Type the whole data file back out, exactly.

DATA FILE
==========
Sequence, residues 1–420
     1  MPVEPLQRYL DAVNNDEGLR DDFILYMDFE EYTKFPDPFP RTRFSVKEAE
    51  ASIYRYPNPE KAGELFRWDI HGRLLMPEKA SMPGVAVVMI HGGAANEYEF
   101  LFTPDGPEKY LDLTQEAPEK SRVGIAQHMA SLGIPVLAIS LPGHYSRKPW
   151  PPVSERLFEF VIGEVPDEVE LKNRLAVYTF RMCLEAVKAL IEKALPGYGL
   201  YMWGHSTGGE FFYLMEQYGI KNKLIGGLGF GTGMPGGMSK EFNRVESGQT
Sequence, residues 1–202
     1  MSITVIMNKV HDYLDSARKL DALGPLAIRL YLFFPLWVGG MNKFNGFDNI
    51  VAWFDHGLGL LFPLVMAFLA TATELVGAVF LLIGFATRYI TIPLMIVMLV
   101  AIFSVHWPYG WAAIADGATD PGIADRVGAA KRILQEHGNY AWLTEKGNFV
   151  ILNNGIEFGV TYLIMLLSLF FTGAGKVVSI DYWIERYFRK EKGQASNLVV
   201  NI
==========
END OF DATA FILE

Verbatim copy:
Sequence, residues 1–420
     1  MPVEPLQRYL DAVNNDEGLR DDFILYMDFE EYTKFPDPFP RTRFSVKEAE
    51  ASIYRYPNPE KAGELFRWDI HGRLLMPEKA SMPGVAVVMI HGGAANEYEF
   101  LFTPDGPEKY LDLTQEAPEK SRVGIAQHMA SLGIPVLAIS LPGHYSRKPW
   151  PPVSERLFEF VIGEVPDEVE LKNRLAVYTF RMCLEAVKAL IEKALPGYGL
   201  YMWGHSTGGE FFYLMEQYGI KNKLIGGLGF GTGMPGGMSK EFNRVESGQT
Sequence, residues 1–202
     1  MSITVIMNKV HDYLDSARKL DALGPLAIRL YLFFPLWVGG MNKFNGFDNI
    51  VAWFDHGLGL LFPLVMAFLA TATELVGAVF LLIGFATRYI TIPLMIVMLV
   101  AIFSVHWPYG WAAIADGATD PGIADRVGAA KRILQEHGNY AWLTEKGNFV
   151  ILNNGIEFGV TYLIMLLSLF FTGAGKVVSI DYWIERYFRK EKGQASNLVV
   201  NI